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Raising Reith

Watching television as a critic is an artificial way of watching television.

12 September 2007

6:21 PM

12 September 2007

6:21 PM

Watching television as a critic is an artificial way of watching television. For the most part we see DVDs supplied by the television companies. We start and finish when we like. If the phone rings, we don’t groan and bark ‘yes?’ — we can press pause and settle down for a leisurely chat about our double-glazing needs. If we miss part of a programme, we can catch it again. We are a little like those restaurant reviewers who write: ‘Dinner for two, with a glass of champagne and a bottle of Volnay, came to a very reasonable £165,’ because they aren’t paying. We are privileged.

In the same way we rarely stumble across a programme merely because we’ve casually flicked on the box, live, on air. That is how I accidentally caught The Weakest Link Special on BBC1 (Saturday). It was the kind of shock from which the pampered critic is usually protected. I felt like a food writer who’s been to Le Gavroche and been served with spam and a fried slice.

It was one of those shows that makes you think, ‘Lord Reith would be turning in his grave!’ (Have you noticed how the gyrating director-general is always Lord Reith? No one ever says, ‘John Birt would be turning in his grave, if he were dead,’ or refers to earlier, forgotten DGs: ‘Sir Cecil Graves would be turning in his grave!’) The participants were ‘glamour’ models, which meant that in normal circumstances most would be bare-breasted. This time they were swathed like Egyptian mummies. The questions were not difficult. ‘The round object in a car used for changing direction is a “steering” — what?’ was one they got. Others were more problematic. ‘A single leaf of grass is called a what?’ had them stumped. ‘Which “E” is the highest mountain in the Himalayas?’ brought the answer ‘oxygen’. The smartest was a nude model called Lucy Pinder — there was something mildly erotic about seeing her fully clothed — who got almost everything right, so they voted her off to stop her winning.

Now, there were many layers of irony here. The joke, that the girls were amazingly dim, was one the girls were happy to go along with. Anne Robinson’s manner was so exaggeratedly caustic you could have scoured your kitchen floor with it. You were meant to cringe and watch through your fingers. Everything screamed, ‘This is all a bit of fun, innit!’ Even so I half expected Lord Reith to stop twisting, rise again, stalk into the studio while shaking his gory locks and strangle the entire production team.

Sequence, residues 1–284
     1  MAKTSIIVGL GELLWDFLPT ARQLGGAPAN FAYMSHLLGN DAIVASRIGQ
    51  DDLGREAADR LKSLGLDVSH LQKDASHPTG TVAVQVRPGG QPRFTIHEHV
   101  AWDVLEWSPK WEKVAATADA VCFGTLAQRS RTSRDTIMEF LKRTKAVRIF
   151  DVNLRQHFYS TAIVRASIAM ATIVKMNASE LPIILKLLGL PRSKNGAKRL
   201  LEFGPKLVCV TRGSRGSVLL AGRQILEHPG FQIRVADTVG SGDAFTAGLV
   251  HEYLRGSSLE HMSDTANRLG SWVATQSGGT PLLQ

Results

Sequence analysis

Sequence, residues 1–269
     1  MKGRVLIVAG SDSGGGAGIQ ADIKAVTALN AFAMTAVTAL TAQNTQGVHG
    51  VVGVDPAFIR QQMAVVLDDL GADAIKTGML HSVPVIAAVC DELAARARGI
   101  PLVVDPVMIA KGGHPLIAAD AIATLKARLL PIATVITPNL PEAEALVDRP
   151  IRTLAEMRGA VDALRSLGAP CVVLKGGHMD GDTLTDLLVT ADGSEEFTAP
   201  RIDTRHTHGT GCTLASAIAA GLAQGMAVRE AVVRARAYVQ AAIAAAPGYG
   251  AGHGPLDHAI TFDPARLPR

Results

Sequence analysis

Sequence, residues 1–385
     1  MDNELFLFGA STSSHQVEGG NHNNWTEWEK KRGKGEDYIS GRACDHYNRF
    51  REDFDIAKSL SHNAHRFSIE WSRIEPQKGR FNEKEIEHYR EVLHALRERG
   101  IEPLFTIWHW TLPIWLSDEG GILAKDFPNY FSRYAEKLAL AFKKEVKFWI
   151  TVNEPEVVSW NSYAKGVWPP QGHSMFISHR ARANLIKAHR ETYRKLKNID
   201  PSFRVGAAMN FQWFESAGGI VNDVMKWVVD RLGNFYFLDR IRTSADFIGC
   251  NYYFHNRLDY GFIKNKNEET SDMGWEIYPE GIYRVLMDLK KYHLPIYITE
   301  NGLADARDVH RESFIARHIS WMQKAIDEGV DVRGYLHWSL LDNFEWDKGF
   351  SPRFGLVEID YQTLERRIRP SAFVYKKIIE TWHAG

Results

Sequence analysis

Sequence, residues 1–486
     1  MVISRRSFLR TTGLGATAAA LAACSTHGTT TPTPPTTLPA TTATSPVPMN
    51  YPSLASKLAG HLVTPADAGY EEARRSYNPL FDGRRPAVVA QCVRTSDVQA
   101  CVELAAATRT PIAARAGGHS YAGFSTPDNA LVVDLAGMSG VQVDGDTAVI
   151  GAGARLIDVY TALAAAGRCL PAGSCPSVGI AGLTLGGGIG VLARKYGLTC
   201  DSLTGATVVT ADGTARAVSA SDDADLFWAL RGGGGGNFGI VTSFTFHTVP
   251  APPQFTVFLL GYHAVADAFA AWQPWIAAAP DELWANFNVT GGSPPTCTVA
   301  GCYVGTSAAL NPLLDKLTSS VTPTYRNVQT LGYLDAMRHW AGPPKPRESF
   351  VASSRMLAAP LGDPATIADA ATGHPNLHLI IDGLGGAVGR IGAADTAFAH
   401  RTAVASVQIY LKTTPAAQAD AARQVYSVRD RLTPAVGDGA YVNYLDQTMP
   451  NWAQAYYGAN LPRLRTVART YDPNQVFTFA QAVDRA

And then go on to the makers of The Dinner Party (BBC1, Sunday). This ghastly mess has been savaged by every other critic, so I won’t add much, except to say that it was horrible. It was compared beforehand to Abigail’s Party in the same way that one of Ernie Wise’s plays was similar to Hamlet. Nothing whatever worked. Even the truisms were untrue. Every line felt as false as a tinfoil pound. Our family sat open-mouthed. My daughter said, ‘This is like a student play, written by students, acted by students and directed by a student.’ She was wrong. It was worse.

It left in its ghastly wake several puzzles. Why did Alison Steadman, Alun Armstrong and George Cole, three of our finest comic actors, read the script and then agree to appear anyway? Why did they not stalk off the set when they saw the way things were going? I suspect that one reason for the disaster was that Tony Grounds, a man with a good track record, had been allowed to both write and direct. This sounds like a way of liberating the creative energy of one man. But it is always a mistake. You need this kind of conversation to take place:

Director: This scene doesn’t work, Tony. It’s got to come out.

Writer: Oh, no, it’s crucial! Pivotal! And it’s the best-written scene in the play!

Director: It’s coming out.

Mind you, the whole thing should have come out and been replaced by reruns of old Denis Potter plays. Or the test card.

Comics Britannia (BBC4, Monday) was a beguiling show, mainly about the Beano and the Dandy, which we read as children — though the Beano was much better. These comics weren’t terribly funny — all boys on orange box carts shouting ‘Yikes!’ while careering towards a building marked ‘Gravy Factory’. But they resonated with prepubescent fears of growing up. They offered us the childhood we knew we were about to lose.

At one point someone implied that the comics had liberated British children from being merely seen and not heard. I don’t know if there actually was such a time, but at least we didn’t go round shooting and knifing each other.

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